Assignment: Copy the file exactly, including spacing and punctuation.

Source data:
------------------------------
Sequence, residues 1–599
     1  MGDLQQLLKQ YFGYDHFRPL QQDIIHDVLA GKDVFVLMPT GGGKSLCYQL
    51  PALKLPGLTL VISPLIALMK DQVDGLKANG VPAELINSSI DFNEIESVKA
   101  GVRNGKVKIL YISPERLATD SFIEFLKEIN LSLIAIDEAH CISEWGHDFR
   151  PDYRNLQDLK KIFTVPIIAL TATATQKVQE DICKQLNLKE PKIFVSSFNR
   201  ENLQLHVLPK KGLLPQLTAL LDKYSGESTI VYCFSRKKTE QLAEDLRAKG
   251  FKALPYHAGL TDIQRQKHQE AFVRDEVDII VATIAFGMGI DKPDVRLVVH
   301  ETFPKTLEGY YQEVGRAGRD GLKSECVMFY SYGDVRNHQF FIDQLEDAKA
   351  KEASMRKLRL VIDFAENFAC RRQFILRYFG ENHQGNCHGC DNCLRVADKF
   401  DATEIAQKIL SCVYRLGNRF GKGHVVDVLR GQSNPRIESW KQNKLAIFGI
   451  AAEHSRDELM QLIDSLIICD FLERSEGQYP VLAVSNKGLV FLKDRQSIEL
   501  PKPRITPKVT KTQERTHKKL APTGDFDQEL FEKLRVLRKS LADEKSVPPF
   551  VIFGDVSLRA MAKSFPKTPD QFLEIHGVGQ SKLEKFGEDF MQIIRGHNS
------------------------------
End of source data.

Sequence, residues 1–599
     1  MGDLQQLLKQ YFGYDHFRPL QQDIIHDVLA GKDVFVLMPT GGGKSLCYQL
    51  PALKLPGLTL VISPLIALMK DQVDGLKANG VPAELINSSI DFNEIESVKA
   101  GVRNGKVKIL YISPERLATD SFIEFLKEIN LSLIAIDEAH CISEWGHDFR
   151  PDYRNLQDLK KIFTVPIIAL TATATQKVQE DICKQLNLKE PKIFVSSFNR
   201  ENLQLHVLPK KGLLPQLTAL LDKYSGESTI VYCFSRKKTE QLAEDLRAKG
   251  FKALPYHAGL TDIQRQKHQE AFVRDEVDII VATIAFGMGI DKPDVRLVVH
   301  ETFPKTLEGY YQEVGRAGRD GLKSECVMFY SYGDVRNHQF FIDQLEDAKA
   351  KEASMRKLRL VIDFAENFAC RRQFILRYFG ENHQGNCHGC DNCLRVADKF
   401  DATEIAQKIL SCVYRLGNRF GKGHVVDVLR GQSNPRIESW KQNKLAIFGI
   451  AAEHSRDELM QLIDSLIICD FLERSEGQYP VLAVSNKGLV FLKDRQSIEL
   501  PKPRITPKVT KTQERTHKKL APTGDFDQEL FEKLRVLRKS LADEKSVPPF
   551  VIFGDVSLRA MAKSFPKTPD QFLEIHGVGQ SKLEKFGEDF MQIIRGHNS